Question: Let B be a fixed subset of $X$ and for each nonempty $A\subset X$, let $\bar{A}=A\cup B$, with $\bar{\emptyset}=\emptyset$. Verify that $A \rightarrow \bar{A}$ is a closure operation.

Comments: I want to verify that my thought process for fitting these requirements is legitimate. The definition of Closure and the theorem used were from Willard's, "General Topology." Thank you for any critique or comment in advance.

Definition of Closure: $\bar{E}=\bigcap\{K\subset X$: K is closed and $E\subset K\}$

Theorem: The operation $A \rightarrow \bar{A}$ in a topological space has the following properties:

K-a) $A\subset \bar{A}$
$A\subset (A\cup B)=\bar{A}\rightarrow A\subset \bar{A}$

K-b) $\bar{(\bar{A})}=\bar{A}$
Proof: $\overline{(\bar{A})}=\overline{A\cup B}=(A\cup B)\cup(A\cup B)^{'}$. Since $A\cup B$ is closed, $A\cup B=(A\cup B)^{'}$, so $\overline{(\bar{A})}=\overline{A\cup B}=(A\cup B)\cup(A\cup B)^{'}=A\cup B=\bar{A}$

K-c) $\overline{A\cup B}=\bar{A}\cup \bar{B}$
Notes: Since $A\cup B$ is closed, $A\cup B=(A\cup B)\cup (A\cup B)^{'}$ and $\bar{A}=A\cup B\rightarrow B$ is closed $\rightarrow \bar{B}=B\rightarrow\bar{B}\subset\bar{A}$
Proof: $\bar{A}\cup\bar{B}=\bar{A}=A\cup B=(A\cup B)\cup (A\cup B)^{'}=\overline{(A\cup B)}$

k-d) $\bar{\emptyset}=\emptyset$

This condition is met by definition.

$\therefore$ $A \rightarrow \bar{A}$ is a closure operation.

  • $\begingroup$ Your "definition of closure" looks wrong. $\bar E$ should be the intersection of all $K$s, not the set of them. $\endgroup$ – Henning Makholm Oct 6 '17 at 19:31
  • $\begingroup$ More seriously, though, it looks like you should be starting out with an abstract definition of what a "closure operation" means. You're given (modulo the above comment) a definition of the operation called "closure" in a topological space -- which is presumably a "closure operation", but is not the operation you're asked to prove is a "closure operation" here. $\endgroup$ – Henning Makholm Oct 6 '17 at 19:34
  • $\begingroup$ You aren't given a topology. You are given a set $X$ and an operation $A \mapsto \overline{A}$on the subsets of $X$. You are being asked to show that operation satisfies the axioms for an abstract closure operation. When you have done this, you will know that $A \mapsto \overline{A}$ is the closure operation for a topology on $X$ (in this case, the topology whose closed sets comprise the empty set and the sets that contain the set $B$). $\endgroup$ – Rob Arthan Oct 6 '17 at 19:48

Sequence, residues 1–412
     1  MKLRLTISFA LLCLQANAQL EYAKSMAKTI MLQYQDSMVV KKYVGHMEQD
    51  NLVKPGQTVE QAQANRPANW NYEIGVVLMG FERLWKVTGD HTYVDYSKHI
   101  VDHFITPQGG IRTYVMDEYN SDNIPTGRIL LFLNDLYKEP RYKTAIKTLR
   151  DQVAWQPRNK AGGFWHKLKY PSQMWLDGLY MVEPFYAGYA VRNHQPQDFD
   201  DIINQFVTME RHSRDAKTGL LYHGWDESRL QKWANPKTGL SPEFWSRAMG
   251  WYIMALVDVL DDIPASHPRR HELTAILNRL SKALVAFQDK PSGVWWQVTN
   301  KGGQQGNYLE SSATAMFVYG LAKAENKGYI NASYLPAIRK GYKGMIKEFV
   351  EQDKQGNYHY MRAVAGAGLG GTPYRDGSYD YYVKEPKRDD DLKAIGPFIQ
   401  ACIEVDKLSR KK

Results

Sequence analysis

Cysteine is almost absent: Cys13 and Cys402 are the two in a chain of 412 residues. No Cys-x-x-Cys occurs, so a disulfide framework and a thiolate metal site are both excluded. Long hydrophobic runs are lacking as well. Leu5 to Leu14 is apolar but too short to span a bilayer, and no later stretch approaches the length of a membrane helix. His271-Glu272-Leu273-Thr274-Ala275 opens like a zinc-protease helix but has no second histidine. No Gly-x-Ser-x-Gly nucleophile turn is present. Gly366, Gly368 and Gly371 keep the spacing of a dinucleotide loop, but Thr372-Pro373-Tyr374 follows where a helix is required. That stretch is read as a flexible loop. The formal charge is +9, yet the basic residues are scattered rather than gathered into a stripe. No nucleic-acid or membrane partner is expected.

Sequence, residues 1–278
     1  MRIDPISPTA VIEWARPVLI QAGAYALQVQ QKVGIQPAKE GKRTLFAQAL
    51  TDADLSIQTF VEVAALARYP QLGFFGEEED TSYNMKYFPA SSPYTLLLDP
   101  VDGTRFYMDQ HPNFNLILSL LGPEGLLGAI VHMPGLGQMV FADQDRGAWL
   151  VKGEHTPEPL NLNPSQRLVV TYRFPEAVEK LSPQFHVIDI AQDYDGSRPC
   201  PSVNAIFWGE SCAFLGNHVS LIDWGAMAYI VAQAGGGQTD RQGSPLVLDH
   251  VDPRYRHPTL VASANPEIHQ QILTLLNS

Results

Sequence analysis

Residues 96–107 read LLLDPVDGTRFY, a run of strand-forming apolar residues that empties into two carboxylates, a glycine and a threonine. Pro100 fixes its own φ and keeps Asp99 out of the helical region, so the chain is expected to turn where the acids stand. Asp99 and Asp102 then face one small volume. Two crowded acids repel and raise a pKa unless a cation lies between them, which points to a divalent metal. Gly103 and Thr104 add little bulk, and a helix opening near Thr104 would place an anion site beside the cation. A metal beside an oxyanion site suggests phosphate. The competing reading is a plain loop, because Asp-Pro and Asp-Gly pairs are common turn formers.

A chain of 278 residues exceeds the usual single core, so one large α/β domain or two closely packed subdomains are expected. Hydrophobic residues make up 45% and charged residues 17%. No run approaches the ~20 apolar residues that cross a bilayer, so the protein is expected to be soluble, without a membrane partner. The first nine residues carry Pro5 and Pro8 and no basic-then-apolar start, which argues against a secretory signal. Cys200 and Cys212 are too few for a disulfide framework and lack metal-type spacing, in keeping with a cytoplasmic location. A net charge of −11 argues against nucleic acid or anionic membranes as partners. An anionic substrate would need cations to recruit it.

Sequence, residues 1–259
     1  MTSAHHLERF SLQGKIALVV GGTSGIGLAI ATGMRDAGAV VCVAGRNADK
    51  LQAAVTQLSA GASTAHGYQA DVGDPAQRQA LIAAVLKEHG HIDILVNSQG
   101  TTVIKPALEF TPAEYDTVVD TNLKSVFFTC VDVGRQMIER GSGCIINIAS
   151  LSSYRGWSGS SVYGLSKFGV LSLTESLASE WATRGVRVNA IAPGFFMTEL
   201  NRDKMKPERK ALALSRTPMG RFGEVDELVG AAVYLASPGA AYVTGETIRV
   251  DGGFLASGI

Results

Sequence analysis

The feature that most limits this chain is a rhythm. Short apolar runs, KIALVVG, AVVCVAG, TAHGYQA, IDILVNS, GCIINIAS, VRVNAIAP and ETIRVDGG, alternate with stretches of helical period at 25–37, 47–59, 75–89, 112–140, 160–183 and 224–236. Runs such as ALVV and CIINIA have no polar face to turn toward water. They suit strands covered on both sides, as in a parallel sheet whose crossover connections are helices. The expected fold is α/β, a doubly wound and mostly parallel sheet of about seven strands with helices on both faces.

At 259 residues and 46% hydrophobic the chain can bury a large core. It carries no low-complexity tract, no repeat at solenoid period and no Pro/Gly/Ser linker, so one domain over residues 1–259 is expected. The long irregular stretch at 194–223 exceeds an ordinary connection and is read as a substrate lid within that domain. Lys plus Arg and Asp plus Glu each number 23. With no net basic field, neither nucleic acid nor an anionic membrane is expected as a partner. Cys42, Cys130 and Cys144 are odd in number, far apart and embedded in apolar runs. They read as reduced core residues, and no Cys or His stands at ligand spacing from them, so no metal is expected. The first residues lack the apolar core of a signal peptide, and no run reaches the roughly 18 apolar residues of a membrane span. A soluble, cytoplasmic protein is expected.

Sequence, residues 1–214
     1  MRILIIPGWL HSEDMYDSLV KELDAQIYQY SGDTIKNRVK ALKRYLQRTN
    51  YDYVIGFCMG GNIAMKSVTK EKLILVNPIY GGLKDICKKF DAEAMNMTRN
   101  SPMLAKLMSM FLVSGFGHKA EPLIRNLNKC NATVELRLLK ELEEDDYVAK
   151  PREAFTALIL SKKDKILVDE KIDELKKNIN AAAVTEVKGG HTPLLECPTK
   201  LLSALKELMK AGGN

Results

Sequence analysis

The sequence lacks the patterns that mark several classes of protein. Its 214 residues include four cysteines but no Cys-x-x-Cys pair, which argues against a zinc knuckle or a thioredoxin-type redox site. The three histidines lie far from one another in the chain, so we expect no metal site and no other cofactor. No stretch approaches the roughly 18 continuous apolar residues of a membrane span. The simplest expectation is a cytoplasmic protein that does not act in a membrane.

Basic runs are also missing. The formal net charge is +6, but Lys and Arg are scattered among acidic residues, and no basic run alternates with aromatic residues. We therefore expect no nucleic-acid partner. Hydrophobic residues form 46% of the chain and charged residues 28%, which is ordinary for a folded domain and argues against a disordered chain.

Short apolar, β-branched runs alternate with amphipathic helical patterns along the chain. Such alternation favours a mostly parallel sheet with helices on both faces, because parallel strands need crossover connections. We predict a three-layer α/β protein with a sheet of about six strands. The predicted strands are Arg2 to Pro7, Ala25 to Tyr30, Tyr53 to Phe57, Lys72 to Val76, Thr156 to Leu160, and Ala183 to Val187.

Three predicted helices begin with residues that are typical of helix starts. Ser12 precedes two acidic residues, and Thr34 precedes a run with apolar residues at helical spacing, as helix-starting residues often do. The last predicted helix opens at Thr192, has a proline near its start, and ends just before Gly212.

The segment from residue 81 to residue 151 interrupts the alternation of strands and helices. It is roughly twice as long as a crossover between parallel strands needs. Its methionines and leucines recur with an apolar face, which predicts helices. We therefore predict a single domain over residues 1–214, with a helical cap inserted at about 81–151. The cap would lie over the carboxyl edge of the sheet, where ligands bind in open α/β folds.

• $\begingroup$ Your work seems to be aconfusion of showing A union B is closure operator and showing the topological closure of E is a closure operator. $\endgroup$ – William Elliot Oct 6 '17 at 19:57

It's simpler than you think. You just have to show that the given operation obeys the 4 axioms for a topological closure operation:

  1. $\overline{\emptyset} = \emptyset$ is given by the definition.
  2. $A \subseteq A \cup B = \overline{A}$ for all $A$.
  3. $\overline{A_1} \cup \overline{A_2} = A_1 \cup B \cup A_2 \cup B = (A_1 \cup A_2) \cup B = \overline{A_1 \cup A_2}$ for all $A_1, A_2 \subseteq X$.
  4. $\overline{\overline{A}} = \overline{A \cup B} = A \cup B \cup B = A \cup B = \overline{A}$ for all $A$.

That's it really. Just simple set theory calculations.

  • $\begingroup$ Thank you! Did I do axiom k-3) incorrectly then? I am new to these theorems and definitions, so I am using this problem to understand them. $\endgroup$ – James Snell Oct 6 '17 at 22:55
  • $\begingroup$ @JamesSnell No, that part didn’t make any sense to me. Closedness or derived sets have nothing to do with proving that axiom. $\endgroup$ – Henno Brandsma Oct 7 '17 at 8:07

Your Answer

By clicking “Post Your Answer”, you agree to our terms of service, privacy policy and cookie policy

Not the answer you're looking for? Browse other questions tagged or ask your own question.